Nigerian man jailed for five years in Ireland


A 46-year-old Nigerian man who accepted a delivery of €42,000 worth of cocaine hidden in a box of clothing to a house in Co Cork, Ireland was jailed for five years on June 9, after he admitted the drug offence.

Oyibo Chukwuma, who was born in Nigeria but is a naturalised Irish citizen, pleaded guilty to possession of cocaine for sale or supply at Carrigaloe Cobh Co Cork, on October 19th last year.

Det Sgt Eoin Buckley told Cork Circuit Criminal Court that Customs Officers received information about a package being delivered by a post and carried out tests on a white powder in the package.

The tests showed the powder to be cocaine and Customs together with the Garda mounted an operation to allow a controlled delivery of the package to a house at Pearse Square in Cobh.

Chukuama was at the address and signed for the package. He later gave it to another man and accompanied him and another man when they drove off with the package in a van.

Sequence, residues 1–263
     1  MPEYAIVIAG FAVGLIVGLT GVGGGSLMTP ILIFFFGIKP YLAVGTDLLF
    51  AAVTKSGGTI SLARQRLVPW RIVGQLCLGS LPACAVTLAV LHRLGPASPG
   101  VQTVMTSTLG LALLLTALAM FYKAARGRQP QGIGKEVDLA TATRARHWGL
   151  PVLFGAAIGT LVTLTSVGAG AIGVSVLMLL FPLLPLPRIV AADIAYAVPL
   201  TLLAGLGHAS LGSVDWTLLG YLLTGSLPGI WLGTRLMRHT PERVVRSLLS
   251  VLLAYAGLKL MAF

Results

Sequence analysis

Gardaí stopped the van at Carrigaloe and recovered the package which contained almost 6kg of cocaine hidden in between two layers of cardboard in a box containing clothes.

Det Sgt Buckley said that while Chukwuma made no admissions, he was “not unco-operative”.

And although he returned to Nigeria for a period, he surrendered himself upon his return to Ireland.

Donal O’Sullivan, defending, said Chukwuma, who lived at Richmond Road, Fairview in Dublin, had few relatives here so had few visitors since he was remanded in custody when charged.

He said this made prison life more difficult for Chukwuma. And he also noted that his guilty plea had save the State the expense and difficulty of a trial with no guarantee of success.

Mr O’Sullivan also said Chukwuma had no previous convictions and that was to his credit. He asked Judge David Riordan to treat him as leniently as possible.

The judge noted that section 15A of the Misuse of Drugs Act carries a 10-year mandatory sentence, but he had discretion in exceptional circumstances to reduce the penalty.

He said there were no aggravating factors in the case and he believed the appropriate sentence was seven years, but he would suspend the final two years of in the interest of rehabilitation.